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Old 05-13-2019, 09:30 PM
Join Date: Dec 2012
Location: Los Angeles, CA
Posts: 78
stevekat is on a distinguished road
Hitch Receiver e53 OEM vs aftermarket

I have seen this topic somewhat beat to death, but I have not seen any associated hard evidence on the topic, just rhetoric.

I want to carry a dual sport bike to the dirt roads using a carrier. About 300 lbs. I know about the multiplier effect and the moment forces, the specs for tongue weight, and that their are dynamic loads.

In the past there are ad nauseam posts that say, 'use the factory hitch', 'use the factory hitch', 'use the factory hitch.' The claim is the earliest design of the aftermarket hitches damaged the rear pan due to it twisting downward. This makes sense. However the manufacturers added a strut to the rear subframe to correct this deficiency.

Some past posters claim they have seen this same failure after this design change, but I have not found a single one of these posters describe the failure mode or show a picture, with various excuses for not doing so.

I can get a factory hitch. And if I was pulling a heavy load of 5000 - 6000 lbs I would do so. I understand the argument. The factory hitch is well designed and appears very strong in this tension mode. However, in terms of the potential for a high tongue weight only, with no trailer towing, to me, the aftermarket hitch with the strut bar (Reese 51093, Draw-Tite 75492) seems like a more robust design than the OEM solution in terms of tongue load.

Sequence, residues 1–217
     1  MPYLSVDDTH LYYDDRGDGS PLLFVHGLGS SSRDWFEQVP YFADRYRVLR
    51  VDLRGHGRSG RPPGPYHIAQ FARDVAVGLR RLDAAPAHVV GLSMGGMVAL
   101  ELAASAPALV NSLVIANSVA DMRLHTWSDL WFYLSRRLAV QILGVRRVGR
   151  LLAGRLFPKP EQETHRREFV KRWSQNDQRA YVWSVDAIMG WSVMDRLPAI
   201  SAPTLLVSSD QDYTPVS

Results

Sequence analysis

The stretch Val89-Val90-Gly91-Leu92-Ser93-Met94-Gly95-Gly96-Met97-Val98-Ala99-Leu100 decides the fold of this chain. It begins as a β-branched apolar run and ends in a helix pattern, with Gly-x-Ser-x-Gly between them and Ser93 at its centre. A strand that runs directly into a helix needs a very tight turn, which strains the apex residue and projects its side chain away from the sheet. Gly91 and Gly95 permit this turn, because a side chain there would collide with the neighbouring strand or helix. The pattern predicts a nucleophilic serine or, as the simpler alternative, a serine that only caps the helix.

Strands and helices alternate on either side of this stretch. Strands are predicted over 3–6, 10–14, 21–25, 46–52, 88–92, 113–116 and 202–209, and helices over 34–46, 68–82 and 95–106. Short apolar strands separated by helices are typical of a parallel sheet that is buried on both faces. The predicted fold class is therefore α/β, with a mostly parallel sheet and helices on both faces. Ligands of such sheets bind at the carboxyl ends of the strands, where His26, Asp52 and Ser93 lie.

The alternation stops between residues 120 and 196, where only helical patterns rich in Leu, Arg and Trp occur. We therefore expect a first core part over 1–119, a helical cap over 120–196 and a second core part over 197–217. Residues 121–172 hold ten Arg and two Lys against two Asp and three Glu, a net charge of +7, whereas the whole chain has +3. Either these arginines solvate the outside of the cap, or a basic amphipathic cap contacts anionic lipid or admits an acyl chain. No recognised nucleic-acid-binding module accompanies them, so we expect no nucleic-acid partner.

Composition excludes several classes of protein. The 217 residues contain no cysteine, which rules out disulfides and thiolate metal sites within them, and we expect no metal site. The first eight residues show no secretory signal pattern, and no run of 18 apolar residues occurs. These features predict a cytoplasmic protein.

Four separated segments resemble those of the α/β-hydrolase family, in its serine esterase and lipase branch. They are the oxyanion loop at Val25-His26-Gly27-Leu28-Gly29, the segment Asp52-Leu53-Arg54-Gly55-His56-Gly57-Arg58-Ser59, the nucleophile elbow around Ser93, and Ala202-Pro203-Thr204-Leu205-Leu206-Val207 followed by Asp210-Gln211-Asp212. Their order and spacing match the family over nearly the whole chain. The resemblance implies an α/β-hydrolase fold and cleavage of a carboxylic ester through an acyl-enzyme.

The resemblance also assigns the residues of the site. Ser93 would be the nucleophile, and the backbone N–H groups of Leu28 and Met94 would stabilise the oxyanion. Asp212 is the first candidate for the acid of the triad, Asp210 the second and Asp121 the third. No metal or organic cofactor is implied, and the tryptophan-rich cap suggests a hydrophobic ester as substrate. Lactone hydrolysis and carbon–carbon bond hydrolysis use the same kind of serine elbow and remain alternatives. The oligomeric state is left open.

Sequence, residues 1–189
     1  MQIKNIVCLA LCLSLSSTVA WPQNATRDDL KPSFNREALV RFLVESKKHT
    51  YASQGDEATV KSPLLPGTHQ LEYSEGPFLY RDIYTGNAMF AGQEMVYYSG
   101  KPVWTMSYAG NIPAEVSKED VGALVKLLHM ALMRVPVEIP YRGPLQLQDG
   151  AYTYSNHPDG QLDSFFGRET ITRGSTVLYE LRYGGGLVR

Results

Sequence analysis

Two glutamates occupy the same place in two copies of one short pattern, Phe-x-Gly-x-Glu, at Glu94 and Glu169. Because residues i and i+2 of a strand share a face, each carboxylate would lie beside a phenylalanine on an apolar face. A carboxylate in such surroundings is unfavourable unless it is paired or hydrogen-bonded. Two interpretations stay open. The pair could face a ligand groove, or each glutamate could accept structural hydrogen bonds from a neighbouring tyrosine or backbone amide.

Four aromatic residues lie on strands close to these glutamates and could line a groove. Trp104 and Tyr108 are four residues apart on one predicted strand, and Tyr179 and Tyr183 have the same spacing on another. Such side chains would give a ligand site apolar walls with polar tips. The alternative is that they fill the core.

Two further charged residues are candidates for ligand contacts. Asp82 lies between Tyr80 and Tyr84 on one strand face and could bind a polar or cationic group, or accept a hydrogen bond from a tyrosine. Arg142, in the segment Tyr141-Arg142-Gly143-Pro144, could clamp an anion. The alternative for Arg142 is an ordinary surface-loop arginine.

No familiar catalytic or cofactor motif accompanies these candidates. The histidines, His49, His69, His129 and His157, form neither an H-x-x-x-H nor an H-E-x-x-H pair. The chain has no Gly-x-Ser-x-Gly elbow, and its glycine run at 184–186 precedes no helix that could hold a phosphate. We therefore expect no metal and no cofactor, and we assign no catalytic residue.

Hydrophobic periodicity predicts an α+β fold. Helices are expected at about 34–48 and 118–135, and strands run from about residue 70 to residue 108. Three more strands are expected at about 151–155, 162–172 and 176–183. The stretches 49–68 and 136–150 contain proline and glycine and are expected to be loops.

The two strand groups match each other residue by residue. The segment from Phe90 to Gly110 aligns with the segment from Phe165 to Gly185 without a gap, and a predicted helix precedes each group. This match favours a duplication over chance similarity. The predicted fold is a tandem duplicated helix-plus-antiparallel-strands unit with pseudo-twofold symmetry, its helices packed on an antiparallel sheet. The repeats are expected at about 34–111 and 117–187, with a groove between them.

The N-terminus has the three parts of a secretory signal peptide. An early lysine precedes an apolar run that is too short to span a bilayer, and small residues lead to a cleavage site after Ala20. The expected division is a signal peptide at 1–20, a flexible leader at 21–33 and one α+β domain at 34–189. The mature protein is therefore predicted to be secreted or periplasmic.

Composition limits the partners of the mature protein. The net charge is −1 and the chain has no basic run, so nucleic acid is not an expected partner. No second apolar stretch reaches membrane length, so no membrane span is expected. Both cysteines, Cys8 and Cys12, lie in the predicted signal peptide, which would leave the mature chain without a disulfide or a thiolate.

There was one member who had an aftermarket hitch with the strut reinforcement and claimed no problems in carrying a dirt bike, after much use.

I'd like to know if any members have experience with a failure of the system using the new type aftermarket hitch with the strut bar, carrying a high tongue weight, and who can describe the failure (did the strut collapse?) or has photos. Or success stories of using the aftermarket hitch carrying a motorcycle or other heavy tongue load.

As an aside, is there any OEM hitch (receiver) failure (twisting downward) recorded due to high tongue weight? For the aftermarket hitch, not as interested as much for failures due to tension load, though feel free to add your experience.)

I'd like to avoid anything that cannot have the failure mode particularly described. A bonus would be a photo. ie: that the hitch twisted down is not sufficient. How it did do so, in light of the present design with a strut bar, is what is necessary to support an example of an observed deficiency.

Again, it is acknowledged that the early design of these hitches without a strut bar were insufficient and need not be rehashed.

Perhaps we can clarify this prolific topic.

(Not interested in arguments that we should only use OEM parts or designs, about aesthetics, or about the competence of BMW engineers.)

Thanks. Perhaps we can reduce the lack of clarity to this ongoing discussion.
2003 X5 Sport w/Premium Package

Last edited by stevekat; 05-13-2019 at 09:53 PM.
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Old 05-13-2019, 10:53 PM
Join Date: Dec 2012
Location: Los Angeles, CA
Posts: 78